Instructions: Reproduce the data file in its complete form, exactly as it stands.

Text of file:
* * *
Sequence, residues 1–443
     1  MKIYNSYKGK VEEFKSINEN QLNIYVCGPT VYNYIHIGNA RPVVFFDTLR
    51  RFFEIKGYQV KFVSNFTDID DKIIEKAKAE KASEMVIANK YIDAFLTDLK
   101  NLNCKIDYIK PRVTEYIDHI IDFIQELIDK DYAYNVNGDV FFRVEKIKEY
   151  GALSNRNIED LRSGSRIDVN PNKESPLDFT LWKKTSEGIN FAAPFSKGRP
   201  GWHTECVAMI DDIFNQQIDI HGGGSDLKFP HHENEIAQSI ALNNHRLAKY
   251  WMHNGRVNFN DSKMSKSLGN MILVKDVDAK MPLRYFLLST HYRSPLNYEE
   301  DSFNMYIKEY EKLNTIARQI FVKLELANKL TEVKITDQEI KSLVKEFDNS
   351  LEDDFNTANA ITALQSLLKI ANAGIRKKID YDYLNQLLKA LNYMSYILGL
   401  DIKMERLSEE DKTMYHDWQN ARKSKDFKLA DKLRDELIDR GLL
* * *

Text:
Sequence, residues 1–443
     1  MKIYNSYKGK VEEFKSINEN QLNIYVCGPT VYNYIHIGNA RPVVFFDTLR
    51  RFFEIKGYQV KFVSNFTDID DKIIEKAKAE KASEMVIANK YIDAFLTDLK
   101  NLNCKIDYIK PRVTEYIDHI IDFIQELIDK DYAYNVNGDV FFRVEKIKEY
   151  GALSNRNIED LRSGSRIDVN PNKESPLDFT LWKKTSEGIN FAAPFSKGRP
   201  GWHTECVAMI DDIFNQQIDI HGGGSDLKFP HHENEIAQSI ALNNHRLAKY
   251  WMHNGRVNFN DSKMSKSLGN MILVKDVDAK MPLRYFLLST HYRSPLNYEE
   301  DSFNMYIKEY EKLNTIARQI FVKLELANKL TEVKITDQEI KSLVKEFDNS
   351  LEDDFNTANA ITALQSLLKI ANAGIRKKID YDYLNQLLKA LNYMSYILGL
   401  DIKMERLSEE DKTMYHDWQN ARKSKDFKLA DKLRDELIDR GLL